What Classifies as an Adverse Employment Action?

Last updated Oct. 30, 2017.

To prevail in a workplace discrimination or whistleblower suit, you must show that your employer took action against you due to unlawful bias and/or retaliation. However, courts don’t consider any and every employer action to be serious enough to support a claim. Rather, the law requires that workers prove they suffered an adverse employment action due to their employer’s bias or retaliation.

But what, exactly, does the term “adverse employment action” mean? Does it mean you have to be fired or will something less dire suffice? If so, does a small slight like being disinvited from a firm networking event qualify as “adverse”? If not, can dozens of small slights combine to prove an “adverse employment action”?

Let’s take a look.

Employment Actions That Are Clearly Adverse

Some actions are so obviously harmful to workers that there’s no question they qualify as adverse. Typically, these actions hit workers where it hurts — in the pocketbook. They are targeted at eliminating the worker’s employment, making it less profitable, and/or reducing the worker’s chances for advancing to a higher rank or pay.

Such adverse employment actions include:

  • Termination
  • Reduced or slashed hours
  • Demotion
  • Passing over for promotion
  • Bogus or unwarranted discipline (as this is usually designed to set the worker up for termination)

See also: Will Collecting Unemployment Reduce the Size of My Employment Lawsuit Verdict?

Undesirable “Transfers” and “Reassignments”

Employers know that clearly, adverse employment actions such as a demotion or pay cut are likely to raise alarm bells and prompt workers to call an attorney. As such, employers often couch unlawful discrimination and retaliation in the form of lateral “transfers” that may not even involve a reduction in official rank or in pay. Usually, these “transfers” result in workers being reassigned work that is more menial, less prestigious, or only tenuously related to their prior work. Moreover, these transfers can require workers to take on odd hours or shifts or work in substandard conditions.

Courts, however, have gotten wise to this act. New Jersey state and federal courts recognize that transfers and reassignments may qualify as adverse employment actions when they result in factors like a loss of status, less desirable job duties, a diminishment of authority or professional prestige, and/or toleration of harassment by other employees.

There is no bright-line rule as to the number and degree of these factors required to prove an adverse employment action. Like so many areas of law, it’s something courts decide on a case-by-case basis, with every ruling dependent upon a specific set of facts.

That being said, New Jersey courts found lateral “transfers” and “reassignments” to be adverse under the following circumstances:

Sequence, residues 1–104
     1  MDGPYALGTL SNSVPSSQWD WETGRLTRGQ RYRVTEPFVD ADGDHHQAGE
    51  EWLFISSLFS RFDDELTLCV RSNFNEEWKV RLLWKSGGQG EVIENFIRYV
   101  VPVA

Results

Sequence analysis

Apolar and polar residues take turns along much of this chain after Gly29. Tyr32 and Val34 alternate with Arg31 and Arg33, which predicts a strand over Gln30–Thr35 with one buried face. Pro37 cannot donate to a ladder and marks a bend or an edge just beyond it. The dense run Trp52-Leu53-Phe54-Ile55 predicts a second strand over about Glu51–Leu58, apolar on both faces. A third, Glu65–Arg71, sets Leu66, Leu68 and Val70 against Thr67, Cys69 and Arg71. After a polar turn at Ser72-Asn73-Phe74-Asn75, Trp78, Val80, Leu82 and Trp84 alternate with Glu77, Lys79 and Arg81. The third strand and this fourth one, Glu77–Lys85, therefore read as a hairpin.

• A police officer who was transferred from K-9 patrol to a light-duty administrative position and forced to turn over his weapon.
  • Another police officer who was forced to resign from a prestigious role as lead of the SWAT team, denied permission to attend firearms training, removed from the detective bureau, and given more demeaning tasks as opposed to supervisory responsibilities.
  • A teacher who was told she could no longer participate in certain professional-oriented teaching programs, given substandard evaluations, moved to a dilapidated classroom, and denied photocopy services and a key to the science lab.
  • A marketer who was transferred from working at the Trump Taj Majal, where he had success booking informational tours on timeshare properties, to the Trump Plaza, where he experienced less success doing so.

See also: 7 Rules for Surviving Your Employment Claim Deposition

The Upshot for Employer Actions Short of Discharge, Suspension or Demotion

New Jersey has found adverse employment action to exist based upon “many separate but relatively minor instances of behavior directed against an employee that may not be actionable individually but that combine to make up a pattern of retaliatory conduct.” Nardello v. Township of Voorhees, 377 N.J. Super. 428, 435 (App. Div. 2005).

You’ll notice that, in the foregoing quote, I emphasized the words “many” and “pattern.” Accordingly, if you’re not subjected to the kind of clear adverse employment action discussed in Section A, above, you may still be able to assert a claim against your employer if you’ve suffered numerous smaller actions over time that together indicate a pattern and practice of retaliation or discrimination.  

These smaller actions should not be negligible. Rather, they should show an intent to isolate and harass. You’d be hard-pressed to claim retaliation or discrimination just because your boss moved you from your spacious office with the great view to the smaller office two doors down. However, being removed to an office located far away from your department, perhaps even on a different floor, may be significant.

Likewise, being denied permission to attend a fun departmental lunch outing is probably not grounds for complaint. Being denied permission to attend a professional training course that you are required to complete before applying for a promotion is.

Get Help with Proving an Adverse Employment Action

Sometimes it’s unclear whether your employer’s actions against you amount to unlawful conduct. If you suspect you are being subject to workplace retaliation or discrimination, call our offices today for a free consultation.

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